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That’s fine, I appreciate the input. I’ve made the markings and taken loads of photos. The heads at the shop and I’m looking forward to the call tomorrow to find out the result of the inspection.

any advice of a particular brand of timing chain? I’ve seen some great prices which include both the timing and balance chain on eBay. Here’s a linkhttps://www.ebay.co.uk/itm/184520311129?mkcid=16&mkevt=1&mkrid=711-127632-2357-0&ssspo=BRhssXkBTme&sssrc=2349624&ssuid=lLL8bcIPQvO&var=&widget_ver=artemis&media=COPY £221 complete! Whereas a shop quoted me £400 for just the timing chain kit without the balance chain. It was a BGA make
Personally I wouldn’t buy something like a timing chain from eBay. I would stick to recognised factors and brands. With due respect to companies selling parts on eBay you need to be confident you’re buying quality. You don’t want to make things worse.
 

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Update fellow Alana owners.

So I’ve spent my entire short winter day cleaning the block today. Been taking it easy and of course careful using the plastic scraper and nylon brushes to gently lift the old gasket. It’s getting there and I’m going to spend some more time tomorrow. I’ve attached some photos for your viewing pleasure. You can still see the marks of the old gasket after I’ve cleaned it all off, seems like it’s made a mark on the aluminium but it’s smooth.

Times like these I wish I had a garage.
Just sand it with a 120/180 grit paper. If you go too fine you run the risk of just riding over the debris. Best case scenario it takes ages. Worst case you leave some behind which has a negative effect on all of your work.
 

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Hi is that ok to do on an Aluminium block? Also if I use the 120/180 grit should it be done dry or wet?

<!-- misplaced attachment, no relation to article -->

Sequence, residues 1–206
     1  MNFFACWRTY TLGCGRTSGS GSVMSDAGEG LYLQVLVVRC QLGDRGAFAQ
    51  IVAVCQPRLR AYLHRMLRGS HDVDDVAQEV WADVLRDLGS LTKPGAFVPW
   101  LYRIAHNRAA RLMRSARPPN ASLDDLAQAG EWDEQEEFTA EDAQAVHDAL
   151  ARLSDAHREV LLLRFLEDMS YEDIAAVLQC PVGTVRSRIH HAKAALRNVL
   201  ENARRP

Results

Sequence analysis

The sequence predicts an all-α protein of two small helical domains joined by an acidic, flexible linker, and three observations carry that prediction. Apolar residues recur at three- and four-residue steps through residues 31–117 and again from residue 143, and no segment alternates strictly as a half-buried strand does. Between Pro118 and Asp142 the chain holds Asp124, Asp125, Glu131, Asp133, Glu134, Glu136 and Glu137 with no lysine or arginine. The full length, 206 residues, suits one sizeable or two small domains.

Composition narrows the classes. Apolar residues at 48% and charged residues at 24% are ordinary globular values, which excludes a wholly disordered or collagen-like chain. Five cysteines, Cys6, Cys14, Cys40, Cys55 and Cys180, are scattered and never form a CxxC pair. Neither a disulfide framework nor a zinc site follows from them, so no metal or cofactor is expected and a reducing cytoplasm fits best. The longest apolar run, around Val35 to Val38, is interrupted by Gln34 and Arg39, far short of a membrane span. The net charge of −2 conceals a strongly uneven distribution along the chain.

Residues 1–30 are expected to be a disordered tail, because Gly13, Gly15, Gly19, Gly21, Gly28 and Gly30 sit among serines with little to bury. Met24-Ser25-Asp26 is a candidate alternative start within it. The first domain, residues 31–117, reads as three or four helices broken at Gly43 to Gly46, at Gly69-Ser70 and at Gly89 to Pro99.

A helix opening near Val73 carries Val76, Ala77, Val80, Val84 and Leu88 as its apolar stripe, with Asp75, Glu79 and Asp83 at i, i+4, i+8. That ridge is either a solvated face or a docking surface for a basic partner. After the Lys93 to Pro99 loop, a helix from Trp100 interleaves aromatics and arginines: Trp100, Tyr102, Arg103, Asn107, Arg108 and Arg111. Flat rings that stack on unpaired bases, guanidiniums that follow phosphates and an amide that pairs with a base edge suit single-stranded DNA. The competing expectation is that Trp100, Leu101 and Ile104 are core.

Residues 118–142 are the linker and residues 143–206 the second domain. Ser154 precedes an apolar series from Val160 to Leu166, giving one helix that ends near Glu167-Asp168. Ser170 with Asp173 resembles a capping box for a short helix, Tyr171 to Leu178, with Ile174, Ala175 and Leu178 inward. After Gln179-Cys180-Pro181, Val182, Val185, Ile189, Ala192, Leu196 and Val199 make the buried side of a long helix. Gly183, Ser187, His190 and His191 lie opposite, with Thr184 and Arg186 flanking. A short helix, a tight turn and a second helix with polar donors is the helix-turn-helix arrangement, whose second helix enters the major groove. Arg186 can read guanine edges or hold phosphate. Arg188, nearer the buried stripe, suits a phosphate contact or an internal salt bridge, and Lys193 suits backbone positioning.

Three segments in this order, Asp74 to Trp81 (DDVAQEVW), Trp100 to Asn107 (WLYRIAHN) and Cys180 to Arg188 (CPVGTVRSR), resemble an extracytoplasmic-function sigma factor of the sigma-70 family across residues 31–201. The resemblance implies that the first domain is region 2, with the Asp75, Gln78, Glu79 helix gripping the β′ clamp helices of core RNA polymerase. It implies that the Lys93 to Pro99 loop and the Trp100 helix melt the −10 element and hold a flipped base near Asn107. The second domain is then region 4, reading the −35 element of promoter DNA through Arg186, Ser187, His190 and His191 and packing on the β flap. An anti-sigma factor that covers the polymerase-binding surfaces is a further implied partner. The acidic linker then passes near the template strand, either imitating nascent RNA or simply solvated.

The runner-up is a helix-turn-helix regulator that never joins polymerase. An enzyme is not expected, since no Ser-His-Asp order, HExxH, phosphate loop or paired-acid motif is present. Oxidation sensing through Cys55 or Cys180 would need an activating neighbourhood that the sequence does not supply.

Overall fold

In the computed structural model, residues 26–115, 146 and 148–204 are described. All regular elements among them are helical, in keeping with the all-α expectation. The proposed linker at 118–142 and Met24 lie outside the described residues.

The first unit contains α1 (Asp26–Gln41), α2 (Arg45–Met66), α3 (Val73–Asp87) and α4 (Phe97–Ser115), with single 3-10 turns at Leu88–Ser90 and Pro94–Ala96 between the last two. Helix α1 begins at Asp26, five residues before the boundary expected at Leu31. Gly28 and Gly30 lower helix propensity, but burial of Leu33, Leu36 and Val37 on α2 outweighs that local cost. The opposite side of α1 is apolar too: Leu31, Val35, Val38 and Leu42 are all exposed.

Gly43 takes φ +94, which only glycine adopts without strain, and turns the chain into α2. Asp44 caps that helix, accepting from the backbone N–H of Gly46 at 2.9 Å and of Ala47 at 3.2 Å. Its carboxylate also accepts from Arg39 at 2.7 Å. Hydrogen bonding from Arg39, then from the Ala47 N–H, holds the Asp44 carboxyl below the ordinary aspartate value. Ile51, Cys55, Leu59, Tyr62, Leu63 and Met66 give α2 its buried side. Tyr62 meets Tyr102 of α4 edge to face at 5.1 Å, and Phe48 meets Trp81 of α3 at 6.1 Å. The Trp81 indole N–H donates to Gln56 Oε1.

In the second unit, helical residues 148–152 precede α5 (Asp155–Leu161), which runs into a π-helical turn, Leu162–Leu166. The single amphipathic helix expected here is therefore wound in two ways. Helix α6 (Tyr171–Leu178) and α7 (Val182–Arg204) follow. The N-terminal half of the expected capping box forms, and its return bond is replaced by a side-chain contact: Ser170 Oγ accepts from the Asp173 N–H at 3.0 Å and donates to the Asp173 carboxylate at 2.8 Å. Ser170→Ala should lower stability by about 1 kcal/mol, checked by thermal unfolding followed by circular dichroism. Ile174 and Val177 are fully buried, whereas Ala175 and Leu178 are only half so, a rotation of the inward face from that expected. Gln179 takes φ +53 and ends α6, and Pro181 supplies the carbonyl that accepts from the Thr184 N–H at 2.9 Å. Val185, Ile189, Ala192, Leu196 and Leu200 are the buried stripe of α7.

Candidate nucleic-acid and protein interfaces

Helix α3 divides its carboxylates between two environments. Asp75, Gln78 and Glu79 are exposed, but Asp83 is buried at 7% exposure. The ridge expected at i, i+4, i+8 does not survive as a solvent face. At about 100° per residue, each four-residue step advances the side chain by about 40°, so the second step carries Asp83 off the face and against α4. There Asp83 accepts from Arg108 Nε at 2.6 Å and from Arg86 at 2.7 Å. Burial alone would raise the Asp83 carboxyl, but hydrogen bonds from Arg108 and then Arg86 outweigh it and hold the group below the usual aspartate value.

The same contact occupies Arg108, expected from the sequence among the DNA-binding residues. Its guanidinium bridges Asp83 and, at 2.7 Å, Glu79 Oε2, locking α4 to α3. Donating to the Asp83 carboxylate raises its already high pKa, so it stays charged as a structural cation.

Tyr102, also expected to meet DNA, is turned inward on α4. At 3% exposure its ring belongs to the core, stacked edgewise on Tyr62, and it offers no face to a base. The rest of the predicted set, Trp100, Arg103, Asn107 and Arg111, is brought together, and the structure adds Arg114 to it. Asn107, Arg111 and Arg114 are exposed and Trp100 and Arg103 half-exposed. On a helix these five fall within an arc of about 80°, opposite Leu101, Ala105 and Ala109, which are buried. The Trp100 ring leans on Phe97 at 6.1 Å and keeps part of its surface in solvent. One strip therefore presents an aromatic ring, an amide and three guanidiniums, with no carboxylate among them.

Yes it’s fine. Use it dry on a rubber rubbing block if you have one. You won’t need much pressure and it will be much quicker. Are the holes for the head bolts blind or open. If they are blind make sure you clean them out before the head goes back on. Just run the bolts in gently until they bottom out to remove any oil or debris. If you don’t it might effect the torque on the head bolts.
 

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I would contact your local Alfa dealer and get a price and the part number. If you’re not happy with the price at least you will have the part number to use as a search.
 

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You can sand in whatever motion floats your boat. You’re not sanding the metal to remove metal, you’re removing dirt and debris. It’s not the same as prepping a panel for paint. I like to use a rubber block where possible but obviously dowels can get in the way. But you can use anything flat that fits in your palm. You may find there are areas where you have to use a bit of paper in your hand.
 

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The block seems to be ready, it’s level, smooth and clean. Thanks for he help and support this far.
I’m now preparing the head to sit back on the block and as I’ve taken it out the box and preparing it for a clean, I’ve noticed the edges of one of the cylinder areas on the head rough and it looks as if it’s not cut smooth round. Also next to it there seems to a little Knick in the ally. I’ve attached photos for reference.
I’ve also called the engineering shop and waiting for their reply.

I’ve marked the photo with orange marks showing where the roughness is on the edge of the roundness area where the valves sit.
While you’re waiting for the engineering shop to come back to you, offer the gasket up to the surface of the head to see if the gasket will take up the bits you’re concerned about when under compression.
 

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visited the engineering shop today who have told me head it’s fine and the area of my concern is just outside the sealing area. They offered to skim it again but did warn me that could affect compression and would not be ideal. Just a little annoying that they didn’t get it right the first time, but the situation could have been worse.

I’m going through elearn and preparing everythingfor the weekend and I’m looking at the head bolt specs, I’ve attached a screenshot and dont understand what it means by 2.7 divided 3.3? Why have the divide sign? I know they’re tightening torques by Nm, but the divide sign is throwing me. Any ideas gents ?
I don’t know why they have that symbol for the caps other than a typo, I think it’s saying you should be between those values as the 3.2 cam cap has a single value. If I remember correctly the previous image of the head torque didn’t have that. So it looks like they are upper and lower parameters then use your torque angle gauge.